The vampire has its origins in a plethora of myths throughout Eastern Europe. These myths evolved from a variety of sources, such as premature burials, pre-psychology lunacy and diseases like porphyria and rabies. John Polidori’s The Vampyre, in 1819, first devised the character of the seductive, gentlemanly vampire, elevated beyond the dirty and decaying creatures of folklore. However, it was Bram Stoker’s novel Dracula, and the subsequent movie adaptations, which really pushed the vampire into mainstream consciousness. Taking the name from that of Vlad Dracul (Vlad the Dragon), and his son Vlad III (The Impaler), who would used the name Dracula, Stoker created one of the most iconic characters in literary history.

Movie highlights

F.W. Murnau’s 1922 Nosferatu was the first movie adaptation of Stoker’s novel. Well, sort of. With no copyright permission, Murnau simply changed the names of all the characters and rewrote the ending. Count Dracula now became Count Orlock, and was portrayed by the terrifying Max Schreck. However, no-one was fooled and Stoker’s widow succeeded in suing Murnau, who was ordered to destroy all prints of the film. Fortunately some survived, and Nosferatu still stands as one of the finest adaptations of Stoker’s novel to date.

Perhaps the most iconic Dracula performance was that of Bela Lugosi in Universal Studio’s 1931 Dracula. As with most adaptations of the novel, the story and details were altered significantly. Having played the character on stage, it is ironic that Lugosi only got the part after Todd Browning’s original choice, Lon Chaney, died. Lugosi spoke very little English at the time and had to learn his lines phonetically, but his accented delivery became the standard for corny Dracula impersonations forever. After he died, poverty stricken and largely forgotten, Lugosi was buried in his cape.

When Hammer Studio’s joined the fray, with Christopher Lee as the titular vampire, they made even more changes to the narrative. Jonathan Harker is now a vampire-hunter rather than a solicitor and is turned into a vampire before being killed by Van Helsing. Still, Lee is charismatic and engaging as the seductive Count, a role which would ultimately become something of a millstone to the actor. Lee would not return for Hammer’s next Dracula movie, but did make a further six movies as the character with the studio.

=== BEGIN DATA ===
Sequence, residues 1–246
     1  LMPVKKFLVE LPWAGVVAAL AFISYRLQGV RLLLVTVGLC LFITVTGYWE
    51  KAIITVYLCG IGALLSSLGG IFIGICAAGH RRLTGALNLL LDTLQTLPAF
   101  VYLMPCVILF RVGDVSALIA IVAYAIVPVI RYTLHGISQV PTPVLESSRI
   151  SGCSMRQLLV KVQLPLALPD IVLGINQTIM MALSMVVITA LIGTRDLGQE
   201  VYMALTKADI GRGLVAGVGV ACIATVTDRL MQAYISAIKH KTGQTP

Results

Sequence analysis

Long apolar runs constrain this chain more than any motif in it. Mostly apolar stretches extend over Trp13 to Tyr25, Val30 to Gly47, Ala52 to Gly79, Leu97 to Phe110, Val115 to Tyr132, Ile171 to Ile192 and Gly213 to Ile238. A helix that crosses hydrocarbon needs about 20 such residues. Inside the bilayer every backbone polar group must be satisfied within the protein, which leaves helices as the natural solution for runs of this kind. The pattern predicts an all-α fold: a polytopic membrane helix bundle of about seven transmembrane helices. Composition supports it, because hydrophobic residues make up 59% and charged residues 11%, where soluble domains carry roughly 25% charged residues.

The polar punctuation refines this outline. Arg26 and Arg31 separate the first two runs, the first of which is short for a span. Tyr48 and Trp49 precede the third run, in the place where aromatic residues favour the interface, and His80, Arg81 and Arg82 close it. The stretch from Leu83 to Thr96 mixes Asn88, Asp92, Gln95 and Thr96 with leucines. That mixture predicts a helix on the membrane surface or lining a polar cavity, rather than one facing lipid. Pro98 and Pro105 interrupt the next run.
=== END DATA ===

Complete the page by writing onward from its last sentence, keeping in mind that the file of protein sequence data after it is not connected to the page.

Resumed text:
In 1992, Francis Ford Coppola’s effort, Bram Stoker’s Dracula, was an attempt to create a more faithful adaptation of the original novel. Certainly, it adhered to Stoker’s book more than the movies before it, even if it did take the liberty of making Dracula the Vlad III, rather than simply a character inspired by him. Gary Oldman’s charming Count grows younger throughout the movie, as he does in the book. Few actors could retain their dignity while wearing a wig that looks like a huge ass, but Gary manages it. Luckily, he has Keanu Reeves’ dreadful English accent to attract the derision.

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Origin

Created by Mary Shelley in her novel Frankenstein, published in 1818, the story of Victor Frankenstein and his attempts to create life from death is the original cautionary tale of the dangers of man playing God. Driven by a thirst for knowledge, Frankenstein takes the bodies of the dead and creates a monster beyond his control; one which will ultimately spell his doom, and the doom of those he loves. Widely considered to be one the first entries in the Science Fiction genre, Shelley was only 18 when she wrote it, supposedly after a nightmare. That was some bad dream she had, it has to be said. Frankenstein is bleak, violent and tragic. Yay.

Movie highlights

Edison Studios, the production company owned by Thomas Edison,  produced a 13-minute-long Frankenstein that was the first ever adaptation of the book for the screen. Made in 1910 by J. Searle Dawley, it featured a particularly bizarre looking monster, played by Charles Ogle, and has great curiosity value if nothing else. Check out the early special effects during the creation sequence, as Dr Frankenstein seemingly creates his creature from a skeleton. Not for the last time, Shelley’s tragic story was given a happy ending.

Universal Studios went the same way for their classic interpretation of the tale in 1931. Boris Karloff is perhaps the most iconic monster, originating the square head and neck bolts. Why a man made from bits of other men should have a flat, square head is beyond me, but it looks pretty cool. Director James Whale followed his Frankenstein with Bride of Frankenstein, a superior sequel in that the monster was made far more sympathetic than he appeared in the first movie; an interpretation much closer to the novel. Elsa Lancaster’s hair is probably the most memorable ‘do in cinema history.

Hammer Studios added their own spin on the tale with The Curse of Frankenstein in 1957, with Christopher Lee as the monster. While wisely ditching the square head, the movie does deviate even further from the source material. Victor Frankenstein is now a murderer as well as a creator. Played by the imcomparable Peter Cushing, the character became increasingly more evil with each subsequent sequel, even to the point of becoming a rapist in Frankenstein Must be Destroyed, which is still regarded as the best of Hammer’s many efforts in the series.

Perhaps the most faithful screen adaptation is Kenneth Branagh’s Mary Shelley’s Frankenstein, in 1994. While still altering certain narrative details of the original novel, all the important elements are kept true to the source. Robert De Niro’s reanimated patchwork creature is not only a rampaging monster, but a thinking, reasoning man; both victim and threat. The novel’s ending was kept, with all its snowbound tragedy and pathos, and Mary Shelley’s Frankenstein also looks gorgeous. Definitely my favourite interpretation of Shelley’s novel, and sadly underrated.